Consider Isaiah 66:2f "This is the one whom I esteem; he who is humble and contrite in Spirit, and trembles at my word. But whoever sacrifices a bull is like one who kills a man, and whoever offers a lamb like one who breaks a dogs neck.... they have chosen their own ways, and their souls delight in their abominations .. [for] when I called no one answered, when I spoke, no one listened.. They did evil in my sight and chose what displeases me."

The one the Lord God esteems are those that are humble and contrite in spirit and listen to Him! They respond to what He says. They "tremble at His Word".

This is the same criticism that Jesus make of the Jews and leaders in His day. He pointed out in Matthew 5 what Kingdom people would be like. They are poor in spirit "they recognise their spiritual bankruptsy", They mourn, "mourn over their sin", they thirst for righteousness.

The Kingdom comes with the King not to throw out the Romans, it's not political oppression that is their, the people of Israel’s problem, but sin. Their problem is spiritual, not political.

How are we to see the application here in Leviticus 1?

Of course we recognise for us the immediate truth that Jesus is the final sacrifice, the on Who truly makes us right with God.

But before we jump into what’s in it for me, let’s see what this means for both the Jew and the also the Christian.

What we see here is that to Walk with God, to have communion with God requires sacrifice for our sin. For the Jew, he could not ignore What God requires. He needed to hear with humility that his sin was serious. When Jesus “the Lamb of God” came – and these are that great Old Testament prophet John the Baptists words, - He came to deal with Sin. He is God’s Answer, He the Messiah, is King, the promised King of Israel, and the King who came to die to make atonement for sin.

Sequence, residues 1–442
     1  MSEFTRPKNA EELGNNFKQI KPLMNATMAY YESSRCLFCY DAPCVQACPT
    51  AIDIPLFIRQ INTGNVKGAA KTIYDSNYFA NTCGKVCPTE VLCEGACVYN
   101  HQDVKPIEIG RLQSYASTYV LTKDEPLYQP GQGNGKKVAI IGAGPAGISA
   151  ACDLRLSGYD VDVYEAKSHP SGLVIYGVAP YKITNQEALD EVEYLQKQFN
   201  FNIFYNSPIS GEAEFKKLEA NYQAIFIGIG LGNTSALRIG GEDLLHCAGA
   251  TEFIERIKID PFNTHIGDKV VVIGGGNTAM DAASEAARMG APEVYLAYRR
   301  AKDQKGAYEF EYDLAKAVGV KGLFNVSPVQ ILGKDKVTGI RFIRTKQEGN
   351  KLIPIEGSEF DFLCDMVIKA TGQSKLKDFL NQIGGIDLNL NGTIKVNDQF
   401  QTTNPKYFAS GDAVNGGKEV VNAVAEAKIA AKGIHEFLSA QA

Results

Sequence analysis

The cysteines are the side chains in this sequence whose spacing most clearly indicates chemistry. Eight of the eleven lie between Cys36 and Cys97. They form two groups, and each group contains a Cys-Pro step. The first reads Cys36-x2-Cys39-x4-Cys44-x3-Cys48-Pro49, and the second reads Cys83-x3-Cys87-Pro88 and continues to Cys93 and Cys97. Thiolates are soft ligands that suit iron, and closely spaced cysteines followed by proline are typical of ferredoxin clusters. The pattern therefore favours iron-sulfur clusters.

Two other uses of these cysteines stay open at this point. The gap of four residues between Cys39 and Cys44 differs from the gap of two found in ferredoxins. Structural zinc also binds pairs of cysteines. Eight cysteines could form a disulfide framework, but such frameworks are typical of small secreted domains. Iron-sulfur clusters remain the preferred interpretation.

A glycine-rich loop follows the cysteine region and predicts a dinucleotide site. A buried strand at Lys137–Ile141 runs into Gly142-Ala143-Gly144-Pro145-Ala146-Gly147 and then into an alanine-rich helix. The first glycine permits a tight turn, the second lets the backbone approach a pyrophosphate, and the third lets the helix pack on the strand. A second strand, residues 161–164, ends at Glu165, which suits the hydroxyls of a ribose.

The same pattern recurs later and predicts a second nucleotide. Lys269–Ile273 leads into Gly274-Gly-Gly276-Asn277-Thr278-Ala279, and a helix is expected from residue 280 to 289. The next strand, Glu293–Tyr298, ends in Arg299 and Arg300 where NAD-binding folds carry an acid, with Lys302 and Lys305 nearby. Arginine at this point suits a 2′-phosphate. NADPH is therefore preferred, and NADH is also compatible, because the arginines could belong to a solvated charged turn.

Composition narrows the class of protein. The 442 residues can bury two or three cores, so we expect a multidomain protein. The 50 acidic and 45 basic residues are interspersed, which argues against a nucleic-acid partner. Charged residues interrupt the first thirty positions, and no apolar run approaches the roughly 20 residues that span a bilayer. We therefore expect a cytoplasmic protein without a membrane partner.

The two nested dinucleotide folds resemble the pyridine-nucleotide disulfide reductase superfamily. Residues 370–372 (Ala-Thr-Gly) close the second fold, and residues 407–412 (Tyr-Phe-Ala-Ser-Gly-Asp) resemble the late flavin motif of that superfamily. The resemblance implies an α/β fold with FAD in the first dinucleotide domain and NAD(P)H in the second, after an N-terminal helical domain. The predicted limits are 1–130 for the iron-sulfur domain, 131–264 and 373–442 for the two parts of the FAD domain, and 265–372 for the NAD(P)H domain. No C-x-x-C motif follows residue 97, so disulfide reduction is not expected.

It tells us God’s ritual to come into His presence,

Can ritual be bad? Of course, and this was Jesus accusation against the Pharisees of his time. They were white washed tombs, cleaning the outside by performing bits and pieces of the law while remaining defiled inside! They needed to recognise who the Messiah was and Why He was there and welcome Him as King and Redeemer and Priest.

More importantly for Israel this book tells them how they can fulfil what God requires and what it means.

Back in Exodus 19:6 they are explicitly told they will be “a kingdom of priests and a holy nation.”

Wow what a privilege, what a standing. What honor.

And do you realise it’s really part of the covenant that God made with Abraham isn’t it – they will be a blessing to the world. This then as God’s continuing revelation helps them understand this come to grips with it.

But how can they be a holy nation when sin rears its ugly head. And when it does how can they commune with a holy God when sin happens?

There’s much more to see about them being a holy nation as the rest of Leviticus tells us – and we will soon see that. [ namely that they are separate, extremely different to the world and the requirements of God here in Leviticus mark them off objectively for all to see, from the nations around them ]

What then about us? For us Christians, what do we learn here?
Isn’t it amazing how the same notion is applied to Christians in 1 Peter2:9 ! You are a kingdom of priests, you are marked off.

And secondly, what are we to do when we sin? How are we to be restored? We understand that When Jesus the lamb of God, died on the cross he paid the penalty even for our future sins, but is there still something we are to do?

Look at 1 John 1:7-9. daily confess our sins and purpose to walk in God’s ways..

Lastly, from God’s word to the Jews, as found in Leviticus 1 we can take heart in the same Hope. The same Lord God who promised Israel, who made His covenant with them and faithfully kept it, is the Same God who holds us. Who transforms us into the likeness of His son Jesus.

What blessing when holiness is so awesome!

Saturday, June 13, 2009

What Love - love in the New Testament

How often do we hear a sermon and the preacher makes a big deal out of love and yet fails to explain what love he is speaking of?

This becomes quite clear when we understand that in Greek there are four words for love.
There's phileo, eros, agape and storge.
Phileo is speaking brotherly love, such as in philadelphia, the city of brotherly love.
Yet it can also be understood more broardly as speaking of "friendship".

Then there's eros - from which we get the word erotic, meaning sexual love. However it can also mean passionate love and sensual desire. The Greek philosophers saw it not as necesarily about "physical attraction" but "appreciation of beauty itself ", that is not necessarily having to do with a person. Yet their notion of love was tied up closely with their search for Truth and Beauty and the good, so it was somewhat focused by those concerns.